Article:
Game, set, match

Senior’s ambitions drive his tennis goals

Senior+Ryan+Mouakket+was+inspired+to+give+tennis+a+shot+in+sixth+grade+while+watching+it+on+TV+with+his+dad.+He+now+aspires+to+earn+a+state+title.
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Game, set, match

Senior Ryan Mouakket was inspired to give tennis a shot in sixth grade while watching it on TV with his dad. He now aspires to earn a state title.

Senior Ryan Mouakket was inspired to give tennis a shot in sixth grade while watching it on TV with his dad. He now aspires to earn a state title.

Emily Lundell

Senior Ryan Mouakket was inspired to give tennis a shot in sixth grade while watching it on TV with his dad. He now aspires to earn a state title.

Emily Lundell

Emily Lundell

Senior Ryan Mouakket was inspired to give tennis a shot in sixth grade while watching it on TV with his dad. He now aspires to earn a state title.

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While Senior Ryan Mouakket cannot point to one specific source for his competitive nature, it has always been a part of him.

During an elementary school field trip to the Perot Museum, Ryan came across the Sports Run exhibit. The exhibit had simulations of animals like cheetahs and professional athletes. Immediately, Ryan felt the need to defeat a simulation of world record holder Usain Bolt. This desire to win led Ryan to continue to try the game and race against the other simulations.

“I wanted to actually beat them so bad that I went four times,” Ryan said.

At this age, he also began developing his talents in a wide variety of sports. Ryan was such a strong player that he often had to be the referee during recess.

“If you had him on one team, you would win and beat everybody,” Andrew Herrmann said, a teammate and classmate of Ryan since the third grade.

Ryan’s athletic ambitions proved to be useful in helping him progress in tennis. He started his high school tennis career as a freshman on varsity. Sophomore year, he was able to qualify for regionals. Throughout his tennis journey, Ryan’s coach Kelly Langdon, a US Professional Tennis Association certified coach, has recognized Ryan’s determination.

It’s a better feeling knowing that you beat some of the top players.”

— Ryan Moukket, 12

“He is one of the most hardworking students that I’ve had in my 19 years at Marcus,” Langdon said. “He has a tendency to be a grinder from the baseline and makes very few mistakes.”

Langdon credits Ryan’s work ethic in tennis to his strong passion for the sport.

“If he’s not practicing here, he is practicing outside of school, doing some athletic training to better prepare himself for the court,” Langdon said. “That’s someone that really really loves tennis.”

Teammates like Herrmann also notes Ryan’s strong work ethic, combined with his natural athletic ability.

“He has his goals and he always follows them up,” Herrmann said.

Despite his athletic history, Ryan found tennis to be challenging at first.

“It’s not like football or basketball where it’s easier to start playing,” Ryan said. “With tennis, you have to know the right techniques, how to hit the ball, for it to actually start working and to be fun.”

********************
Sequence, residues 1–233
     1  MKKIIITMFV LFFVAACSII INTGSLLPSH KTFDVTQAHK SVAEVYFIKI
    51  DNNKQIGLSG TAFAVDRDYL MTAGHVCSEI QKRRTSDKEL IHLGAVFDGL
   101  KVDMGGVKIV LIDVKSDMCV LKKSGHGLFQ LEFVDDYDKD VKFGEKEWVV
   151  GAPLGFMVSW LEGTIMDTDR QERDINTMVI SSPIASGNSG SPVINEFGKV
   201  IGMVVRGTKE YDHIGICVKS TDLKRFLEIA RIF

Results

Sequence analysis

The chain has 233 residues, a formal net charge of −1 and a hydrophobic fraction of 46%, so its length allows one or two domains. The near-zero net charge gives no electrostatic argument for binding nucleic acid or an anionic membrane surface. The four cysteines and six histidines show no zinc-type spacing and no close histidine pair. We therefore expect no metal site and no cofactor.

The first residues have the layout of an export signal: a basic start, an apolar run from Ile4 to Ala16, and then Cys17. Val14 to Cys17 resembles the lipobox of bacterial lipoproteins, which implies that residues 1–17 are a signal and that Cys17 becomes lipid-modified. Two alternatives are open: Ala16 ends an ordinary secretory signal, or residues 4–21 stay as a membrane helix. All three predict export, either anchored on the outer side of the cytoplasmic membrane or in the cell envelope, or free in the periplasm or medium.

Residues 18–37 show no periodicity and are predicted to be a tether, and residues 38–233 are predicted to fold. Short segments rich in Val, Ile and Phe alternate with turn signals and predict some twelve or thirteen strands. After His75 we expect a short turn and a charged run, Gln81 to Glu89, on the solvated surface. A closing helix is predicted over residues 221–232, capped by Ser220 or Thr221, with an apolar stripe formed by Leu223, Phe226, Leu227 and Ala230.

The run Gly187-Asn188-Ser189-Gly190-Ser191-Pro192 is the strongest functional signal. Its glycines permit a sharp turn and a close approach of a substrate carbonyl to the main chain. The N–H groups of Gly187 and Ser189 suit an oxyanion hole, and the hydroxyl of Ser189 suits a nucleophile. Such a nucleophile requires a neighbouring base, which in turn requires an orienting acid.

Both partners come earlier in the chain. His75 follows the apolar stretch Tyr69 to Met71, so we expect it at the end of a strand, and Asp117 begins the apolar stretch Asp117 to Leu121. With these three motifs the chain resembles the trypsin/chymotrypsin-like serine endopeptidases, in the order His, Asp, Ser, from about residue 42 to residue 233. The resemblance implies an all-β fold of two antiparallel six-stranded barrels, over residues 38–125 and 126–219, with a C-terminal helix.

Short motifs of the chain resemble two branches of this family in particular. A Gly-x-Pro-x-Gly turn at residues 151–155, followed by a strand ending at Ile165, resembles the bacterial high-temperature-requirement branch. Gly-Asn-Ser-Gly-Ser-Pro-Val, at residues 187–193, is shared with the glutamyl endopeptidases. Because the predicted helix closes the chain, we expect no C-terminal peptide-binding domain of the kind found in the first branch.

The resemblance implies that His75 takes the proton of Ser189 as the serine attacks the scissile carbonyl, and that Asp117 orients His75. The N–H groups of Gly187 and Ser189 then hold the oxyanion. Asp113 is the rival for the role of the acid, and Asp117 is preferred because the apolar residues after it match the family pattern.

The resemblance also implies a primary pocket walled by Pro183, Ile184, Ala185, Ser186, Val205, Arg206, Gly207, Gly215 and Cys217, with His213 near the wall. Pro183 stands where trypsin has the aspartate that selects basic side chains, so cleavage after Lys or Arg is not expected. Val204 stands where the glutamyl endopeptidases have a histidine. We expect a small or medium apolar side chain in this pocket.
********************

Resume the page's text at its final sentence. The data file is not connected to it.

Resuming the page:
With practice, Ryan developed the strengths of mental toughness and patience. He particularly practiced these strengths during a lengthy match at a mid-summer San Antonio tournament.

In the blistering heat, Ryan played for three and a half hours against a difficult opponent. From making sure each ball counted, Ryan was able to finally win.  While  he loves to destroy his opponents with his skill, Ryan prefers to play against someone who challenges him.

“In matches, the most fun for me are the ones where I’m playing someone equal to me and I’m just hitting the ball good,” Ryan said. “It’s a better feeling knowing that you beat some of the top players.”

Through Ryan’s attitude and strengths, he made Marauder history last tennis season in May; he was the first male Marauder tennis player to qualify for the singles category for the May 2019 6A UIL state championship.

Emily Lundell
Throughout his tennis career, Mouakket has struggled with minor injuries including tendinitis in his shoulders and wrists, a common impairment among tennis players. He has had to pull out of tournaments due to this before but aside from that, the pain is typically bearable.

During the match, Ryan was nervous. He won the first set but he lost the second. Doubt filled him as he was about to enter the third match. However, after hearing his coach’s advice to regroup, Ryan felt his athletic drive return.

He said he was convinced he needed to go “all the way” during the match. Dominating his opponent was the only goal in his mind.

“Nobody goes into a tournament thinking let’s just get into the semifinals,” Ryan said. “That’s just telling yourself you’re going to lose.”

Ryan knew his chances were not high during the state quarterfinals. Though he tried his best, he lost by a point margin of 4-6. He was angry because this meant he was out of the state competition, but one thing provided him some relief.

“I beat the guy that got to the finals that lost,” Ryan said. “I beat him previously.”

Even when losing, Ryan has always carried a competitive attitude. This has  allowed him to continue to improve and craft goals for his future in tennis, whether it be entering state again his senior year or continuing through college.

Ryan still has the chance to return to state this semester under the team category. Currently, varsity tennis is the area champion and qualified for regionals. He will also get another shot as an individual in the singles competition in April.

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